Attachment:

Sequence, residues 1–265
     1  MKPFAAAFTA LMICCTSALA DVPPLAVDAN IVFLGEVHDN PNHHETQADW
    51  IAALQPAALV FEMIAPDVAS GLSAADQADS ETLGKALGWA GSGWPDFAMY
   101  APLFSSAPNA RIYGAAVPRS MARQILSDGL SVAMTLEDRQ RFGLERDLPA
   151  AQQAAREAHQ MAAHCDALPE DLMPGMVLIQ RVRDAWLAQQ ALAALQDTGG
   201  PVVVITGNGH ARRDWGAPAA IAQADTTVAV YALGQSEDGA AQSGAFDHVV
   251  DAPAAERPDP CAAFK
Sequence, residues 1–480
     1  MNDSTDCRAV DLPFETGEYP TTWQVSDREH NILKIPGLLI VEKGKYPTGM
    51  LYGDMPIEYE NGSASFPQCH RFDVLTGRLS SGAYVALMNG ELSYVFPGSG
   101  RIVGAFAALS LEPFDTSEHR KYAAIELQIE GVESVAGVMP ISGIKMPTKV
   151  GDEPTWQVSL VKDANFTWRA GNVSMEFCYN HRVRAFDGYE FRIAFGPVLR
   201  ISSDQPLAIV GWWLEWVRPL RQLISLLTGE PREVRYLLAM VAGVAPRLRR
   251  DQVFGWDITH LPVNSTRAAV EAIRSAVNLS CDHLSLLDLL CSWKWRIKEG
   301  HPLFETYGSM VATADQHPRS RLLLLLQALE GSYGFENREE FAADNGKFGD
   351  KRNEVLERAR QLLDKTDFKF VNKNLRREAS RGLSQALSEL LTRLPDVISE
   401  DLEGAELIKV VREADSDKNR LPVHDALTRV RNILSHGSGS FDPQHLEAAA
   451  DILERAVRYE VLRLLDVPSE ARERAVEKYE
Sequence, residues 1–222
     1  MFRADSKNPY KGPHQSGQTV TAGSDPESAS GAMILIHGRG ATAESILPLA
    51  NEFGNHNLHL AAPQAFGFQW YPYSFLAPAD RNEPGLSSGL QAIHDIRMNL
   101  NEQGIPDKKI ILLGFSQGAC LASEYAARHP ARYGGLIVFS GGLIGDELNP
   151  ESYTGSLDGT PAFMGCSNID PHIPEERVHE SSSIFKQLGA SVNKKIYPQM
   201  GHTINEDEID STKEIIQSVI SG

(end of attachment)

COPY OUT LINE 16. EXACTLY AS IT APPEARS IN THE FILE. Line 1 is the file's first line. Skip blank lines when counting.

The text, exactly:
   351  KRNEVLERAR QLLDKTDFKF VNKNLRREAS RGLSQALSEL LTRLPDVISE